With the release of The Choreographer’s Trust package series, Peggy Baker has envisioned a behind-the-scenes look at some of her most well-known choreographic works. Her goal is to share these pieces with anyone who would like to learn, or learn more about, her choreography. All six of the packages — Brute, Unfold, Yang, Sanctum, In a Landscape and Brahms Waltzes — are available on loan from Dance Collection Danse.
These pieces are revealed through: DVD footage of rehearsals, coaching and performance; writing, and notation scores. This blog serves as an accompaniment to these materials, updated as each project occurs. Many thanks to the numerous contributors to this endeavour. – Natasha Frid
Peggy speaks about taking class in the same way as we rehearse: building phrases, developing ideas, working artistically. Of course, the challenge in class can be assimilating new material rapidly, having to focus on the sequence of events.
But then Peggy speaks about experiencing the dance from the inside, as a creative act; not worrying about getting it right. When the material is new, this fosters an exploration of finding out what this movement is, or what it could be.
I reflect on how I could integrate this way of working in my piano practice. Most of the pieces I have been working on for several months; some of them years. I connect the importance of exploring new material; in recordings, concerts, sight reading, the pieces I give to my students. What will I experience that will give me new perspective on my long-standing repertoire?
We are fortunate in Toronto to take class from choreographers. During class we gain insight into their creative process and better understand the structure and ideas of their choreography. They offer a fresh look at a process we thought we knew so well. Hear a new interpretation, see a different body, share another’s journey to bring attention to your own.
It was the final day of Peggy’s annual summer intensive at Canada’s National Ballet School. I was lucky to be in Peggy’s morning technique class and also to witness her coaching several dancers in her solo Unfold.
Peggy encourages us to be clear in our interpretation of the movement. The teacher/choreographer offers the map, but our exploration of the work is very individual. Through watching us move, the audience should vicariously feel our experience of the dance.
I think of friends describing vividly how stunning the scenery was, and how much they enjoyed their trip. I want to go there. This is why Peggy sharing her classes and repertoire with us is so precious. We see her dance and long to take that journey ourselves. Her generosity helps us retrace her footsteps and feel it in our own bodies. She inspires us to invite others on the journey, adding our own personal observations along the way.
At the second session of Peggy’s creative practice workshop for ‘In a
Landscape’, Peggy surprised all of us by putting on a different piece
of music, rather than John Cage’s. This new piece is by Henry
Kucharzyk, the pianist who performed ‘In a Landscape’ with Peggy in
Kucharzyk’s piece is for prepared piano and, like ‘Landscape’, is in a
cyclical 3/4 with a very melodious, calm beginning. However the music
soon transitioned to dissonant sounds – small stones are placed on the
piano strings, and we hear grating elements, as well as water and
The project was to discover more about the character of each movement.
The dancers adapted the choreography to this new soundscape, playing
with repetition, speed, direction …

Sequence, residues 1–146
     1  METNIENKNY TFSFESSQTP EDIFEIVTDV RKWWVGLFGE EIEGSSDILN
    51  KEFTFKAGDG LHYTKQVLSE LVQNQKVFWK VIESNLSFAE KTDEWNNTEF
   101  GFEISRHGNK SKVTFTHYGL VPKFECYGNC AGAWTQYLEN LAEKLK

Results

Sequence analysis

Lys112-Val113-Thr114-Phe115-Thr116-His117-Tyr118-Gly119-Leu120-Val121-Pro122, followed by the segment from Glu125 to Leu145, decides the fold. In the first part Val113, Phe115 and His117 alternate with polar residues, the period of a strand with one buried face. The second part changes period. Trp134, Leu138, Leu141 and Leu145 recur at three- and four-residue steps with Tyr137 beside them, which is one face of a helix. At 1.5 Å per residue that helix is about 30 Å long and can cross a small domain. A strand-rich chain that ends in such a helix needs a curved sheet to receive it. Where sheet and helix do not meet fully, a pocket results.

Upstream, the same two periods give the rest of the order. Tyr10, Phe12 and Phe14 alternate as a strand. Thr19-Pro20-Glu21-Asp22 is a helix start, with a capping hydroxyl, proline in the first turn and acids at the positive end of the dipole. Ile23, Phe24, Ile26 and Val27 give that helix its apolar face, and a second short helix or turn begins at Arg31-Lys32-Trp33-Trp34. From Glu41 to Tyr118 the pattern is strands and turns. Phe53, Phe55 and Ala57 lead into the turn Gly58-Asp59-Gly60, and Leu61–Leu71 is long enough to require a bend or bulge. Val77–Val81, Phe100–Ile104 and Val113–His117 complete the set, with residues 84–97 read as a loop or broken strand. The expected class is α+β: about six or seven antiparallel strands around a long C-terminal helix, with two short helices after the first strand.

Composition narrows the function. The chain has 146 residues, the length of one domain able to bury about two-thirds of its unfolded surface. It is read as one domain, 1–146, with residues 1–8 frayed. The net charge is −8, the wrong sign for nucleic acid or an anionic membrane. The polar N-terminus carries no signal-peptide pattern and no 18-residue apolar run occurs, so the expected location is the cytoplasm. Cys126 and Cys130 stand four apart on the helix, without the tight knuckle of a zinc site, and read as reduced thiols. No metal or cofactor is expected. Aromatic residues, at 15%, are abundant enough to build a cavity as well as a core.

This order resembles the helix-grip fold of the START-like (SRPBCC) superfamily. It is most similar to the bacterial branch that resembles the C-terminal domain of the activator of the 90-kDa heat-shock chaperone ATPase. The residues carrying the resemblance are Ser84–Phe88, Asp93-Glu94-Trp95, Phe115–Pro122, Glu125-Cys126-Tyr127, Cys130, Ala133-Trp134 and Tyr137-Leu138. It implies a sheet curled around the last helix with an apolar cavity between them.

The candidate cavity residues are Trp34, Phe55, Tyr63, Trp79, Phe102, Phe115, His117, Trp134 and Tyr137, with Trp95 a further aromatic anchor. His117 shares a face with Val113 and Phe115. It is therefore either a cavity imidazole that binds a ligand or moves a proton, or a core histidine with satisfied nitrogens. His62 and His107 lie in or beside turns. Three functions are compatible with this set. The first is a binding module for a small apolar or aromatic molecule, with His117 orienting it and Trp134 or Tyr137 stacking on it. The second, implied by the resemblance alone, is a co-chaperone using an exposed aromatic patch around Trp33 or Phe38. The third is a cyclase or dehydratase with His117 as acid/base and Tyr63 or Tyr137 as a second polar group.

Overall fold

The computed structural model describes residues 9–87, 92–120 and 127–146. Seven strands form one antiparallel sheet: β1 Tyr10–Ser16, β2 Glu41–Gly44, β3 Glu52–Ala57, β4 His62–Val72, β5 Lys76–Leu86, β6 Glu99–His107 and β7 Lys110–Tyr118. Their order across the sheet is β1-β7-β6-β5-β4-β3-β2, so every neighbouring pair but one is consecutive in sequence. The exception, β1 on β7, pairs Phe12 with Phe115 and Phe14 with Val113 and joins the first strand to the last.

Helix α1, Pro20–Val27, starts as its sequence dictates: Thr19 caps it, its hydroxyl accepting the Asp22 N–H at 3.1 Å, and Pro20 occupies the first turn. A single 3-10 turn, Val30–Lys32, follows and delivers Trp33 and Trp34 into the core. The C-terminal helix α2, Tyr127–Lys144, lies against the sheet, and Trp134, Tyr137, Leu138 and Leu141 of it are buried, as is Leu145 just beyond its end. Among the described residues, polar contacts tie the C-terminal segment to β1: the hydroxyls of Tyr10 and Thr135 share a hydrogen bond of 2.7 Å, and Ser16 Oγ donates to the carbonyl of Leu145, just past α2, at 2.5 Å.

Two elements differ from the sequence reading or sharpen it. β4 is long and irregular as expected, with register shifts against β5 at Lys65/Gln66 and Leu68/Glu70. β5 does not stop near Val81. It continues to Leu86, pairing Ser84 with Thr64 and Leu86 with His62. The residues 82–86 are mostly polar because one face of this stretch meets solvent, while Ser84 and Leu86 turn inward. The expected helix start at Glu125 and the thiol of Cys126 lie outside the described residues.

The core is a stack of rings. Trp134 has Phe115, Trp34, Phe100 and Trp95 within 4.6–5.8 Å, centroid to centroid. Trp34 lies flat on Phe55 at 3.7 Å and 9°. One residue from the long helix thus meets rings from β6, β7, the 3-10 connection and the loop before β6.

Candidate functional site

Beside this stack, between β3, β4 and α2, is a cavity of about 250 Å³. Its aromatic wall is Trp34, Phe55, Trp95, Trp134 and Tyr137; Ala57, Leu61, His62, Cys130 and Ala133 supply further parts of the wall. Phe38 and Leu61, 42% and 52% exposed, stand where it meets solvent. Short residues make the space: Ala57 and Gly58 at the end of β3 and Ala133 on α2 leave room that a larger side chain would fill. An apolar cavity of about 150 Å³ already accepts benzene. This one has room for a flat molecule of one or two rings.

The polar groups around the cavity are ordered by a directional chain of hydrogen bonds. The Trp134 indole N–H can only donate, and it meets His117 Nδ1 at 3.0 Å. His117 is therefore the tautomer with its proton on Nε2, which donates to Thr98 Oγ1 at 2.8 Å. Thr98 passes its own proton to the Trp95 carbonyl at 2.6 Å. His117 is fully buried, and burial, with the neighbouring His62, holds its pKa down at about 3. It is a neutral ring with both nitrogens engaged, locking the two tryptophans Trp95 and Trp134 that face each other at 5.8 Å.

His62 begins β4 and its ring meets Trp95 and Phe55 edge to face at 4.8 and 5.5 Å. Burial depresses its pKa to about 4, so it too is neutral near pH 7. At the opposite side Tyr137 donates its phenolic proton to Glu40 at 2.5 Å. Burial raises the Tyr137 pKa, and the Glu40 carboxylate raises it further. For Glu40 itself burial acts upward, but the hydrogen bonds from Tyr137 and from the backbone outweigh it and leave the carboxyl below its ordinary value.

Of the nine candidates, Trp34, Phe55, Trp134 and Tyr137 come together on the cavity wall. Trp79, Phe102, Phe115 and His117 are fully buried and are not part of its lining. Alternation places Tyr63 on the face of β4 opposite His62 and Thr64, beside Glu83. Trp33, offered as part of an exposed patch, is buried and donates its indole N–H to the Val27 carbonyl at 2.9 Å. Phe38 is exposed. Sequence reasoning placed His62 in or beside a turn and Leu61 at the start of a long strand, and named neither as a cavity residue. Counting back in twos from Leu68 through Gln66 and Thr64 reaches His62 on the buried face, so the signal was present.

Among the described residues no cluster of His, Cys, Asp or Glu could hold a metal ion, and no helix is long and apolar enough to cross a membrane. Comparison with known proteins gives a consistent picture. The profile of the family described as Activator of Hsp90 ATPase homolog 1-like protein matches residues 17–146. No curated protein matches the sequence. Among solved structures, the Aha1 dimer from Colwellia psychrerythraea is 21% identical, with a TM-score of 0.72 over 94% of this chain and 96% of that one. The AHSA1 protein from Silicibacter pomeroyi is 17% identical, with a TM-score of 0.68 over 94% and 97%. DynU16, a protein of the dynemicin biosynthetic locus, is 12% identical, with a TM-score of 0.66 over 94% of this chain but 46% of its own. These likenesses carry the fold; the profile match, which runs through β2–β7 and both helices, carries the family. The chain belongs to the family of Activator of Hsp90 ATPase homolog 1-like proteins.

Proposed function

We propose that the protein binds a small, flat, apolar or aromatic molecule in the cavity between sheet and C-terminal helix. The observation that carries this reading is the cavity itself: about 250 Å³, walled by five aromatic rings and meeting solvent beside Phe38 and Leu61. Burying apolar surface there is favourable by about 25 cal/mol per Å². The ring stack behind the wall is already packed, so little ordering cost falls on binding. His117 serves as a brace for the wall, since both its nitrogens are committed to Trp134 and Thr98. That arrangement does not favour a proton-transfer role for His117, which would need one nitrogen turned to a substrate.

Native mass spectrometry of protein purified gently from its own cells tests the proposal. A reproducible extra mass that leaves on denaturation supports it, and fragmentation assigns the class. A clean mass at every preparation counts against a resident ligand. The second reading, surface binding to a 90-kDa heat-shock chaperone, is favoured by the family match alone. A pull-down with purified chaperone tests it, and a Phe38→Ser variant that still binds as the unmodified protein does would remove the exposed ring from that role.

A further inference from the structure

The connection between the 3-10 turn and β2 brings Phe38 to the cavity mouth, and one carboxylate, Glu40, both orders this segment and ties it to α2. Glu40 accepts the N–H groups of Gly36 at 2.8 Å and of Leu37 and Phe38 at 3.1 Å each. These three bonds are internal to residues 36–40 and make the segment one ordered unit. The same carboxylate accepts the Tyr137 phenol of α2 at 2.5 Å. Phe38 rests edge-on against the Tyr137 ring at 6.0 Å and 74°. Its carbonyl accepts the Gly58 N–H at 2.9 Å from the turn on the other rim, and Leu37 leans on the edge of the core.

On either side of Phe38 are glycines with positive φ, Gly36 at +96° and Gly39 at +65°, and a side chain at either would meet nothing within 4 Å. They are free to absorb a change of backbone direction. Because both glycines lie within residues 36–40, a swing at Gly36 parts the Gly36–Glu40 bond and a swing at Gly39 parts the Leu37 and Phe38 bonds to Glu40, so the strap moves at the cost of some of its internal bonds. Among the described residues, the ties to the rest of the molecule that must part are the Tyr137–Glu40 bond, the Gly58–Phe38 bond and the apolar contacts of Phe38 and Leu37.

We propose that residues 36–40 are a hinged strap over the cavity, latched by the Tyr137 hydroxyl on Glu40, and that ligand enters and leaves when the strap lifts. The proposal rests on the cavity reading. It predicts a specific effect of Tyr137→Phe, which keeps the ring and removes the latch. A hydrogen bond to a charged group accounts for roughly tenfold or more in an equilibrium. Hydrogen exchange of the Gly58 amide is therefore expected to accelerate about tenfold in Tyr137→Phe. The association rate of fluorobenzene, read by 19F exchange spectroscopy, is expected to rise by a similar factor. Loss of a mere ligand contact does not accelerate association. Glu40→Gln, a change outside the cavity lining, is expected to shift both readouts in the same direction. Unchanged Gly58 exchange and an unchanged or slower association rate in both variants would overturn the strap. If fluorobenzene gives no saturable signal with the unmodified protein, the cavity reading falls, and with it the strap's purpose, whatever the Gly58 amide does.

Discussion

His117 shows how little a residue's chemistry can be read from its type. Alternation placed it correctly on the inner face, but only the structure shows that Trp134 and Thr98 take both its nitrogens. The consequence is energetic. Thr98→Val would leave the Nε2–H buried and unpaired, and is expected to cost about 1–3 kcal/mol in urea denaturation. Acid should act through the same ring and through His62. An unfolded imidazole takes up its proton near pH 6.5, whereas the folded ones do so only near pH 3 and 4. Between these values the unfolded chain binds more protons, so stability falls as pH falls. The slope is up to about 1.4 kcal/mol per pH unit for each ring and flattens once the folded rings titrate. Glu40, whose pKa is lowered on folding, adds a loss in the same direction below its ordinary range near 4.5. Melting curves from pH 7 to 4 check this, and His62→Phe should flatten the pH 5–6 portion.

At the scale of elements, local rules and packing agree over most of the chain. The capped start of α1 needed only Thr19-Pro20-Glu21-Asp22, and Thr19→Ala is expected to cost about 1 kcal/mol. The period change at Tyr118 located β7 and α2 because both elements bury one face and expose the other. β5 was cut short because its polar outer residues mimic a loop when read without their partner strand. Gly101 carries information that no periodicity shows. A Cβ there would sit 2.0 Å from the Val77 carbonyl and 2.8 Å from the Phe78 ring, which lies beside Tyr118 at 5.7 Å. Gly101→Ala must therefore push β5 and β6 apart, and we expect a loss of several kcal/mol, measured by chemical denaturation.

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In a piece specifically created in response to a musical landscape –
Peggy would play the music over and over while improvising, then wrote
notes to establish the choreographic sequence – the changes to the
choreography during this exercise were significant.
How do we develop in a changing environment – how do we adapt, what do
we resist? What defines our personality and our values when the
outside world influences us? What makes us uncertain, throws us
off-balance, forces us to become alternate versions of ourselves in
response to the elements? Can we focus on our path and concentrate on
our goals if we’re distracted by the immediacy of stimuli? How do we
remember who we are – and how much of that still remains?
At the École de danse contemporaine de Montréal (formerly LADMMI) last week, I had the wonderful treat of seeing four dancers pass on contemporary choreography to the students. What I found fascinating was the diverse context surrounding each choreographer’s project: everything from Margie Gillis teaching Broken English, a solo she had performed forty years ago, to Marc Boivin teaching his latest solo, Une idée sinon vraie … , expressing a curiosity as to how brand new work could be distilled during this process.
I was there to explore Marie Chouinard’s Prélude à l’après-midi d’une faune, taught by Isabelle Poirier to her students. I had notated this solo for Chouinard last year, leading to a permanent job of notating her choreography. Marc Boivin called Faune a “jewel” in Canadian contemporary repertoire, and I was so delighted that there was something that could be called a jewel, so quickly do contemporary pieces usually disappear.
Students who are fortunate enough to be in a professional training programme like this one know how precious this sharing process truly is. It’s no wonder that several professional and emerging dancers attended Peggy’s repertoire workshop last Sunday, having learned In a Landscape from The Choreographer’s Trust DVDs, and now being coached by Peggy. In an art form that only utilizes repertoire at a very high level of training, Peggy’s objective in making her choreography accessible to dancers is a precious gift. And it’s available to anyone who wants it – The Choreographer’s Trust packages are loaned out free of charge.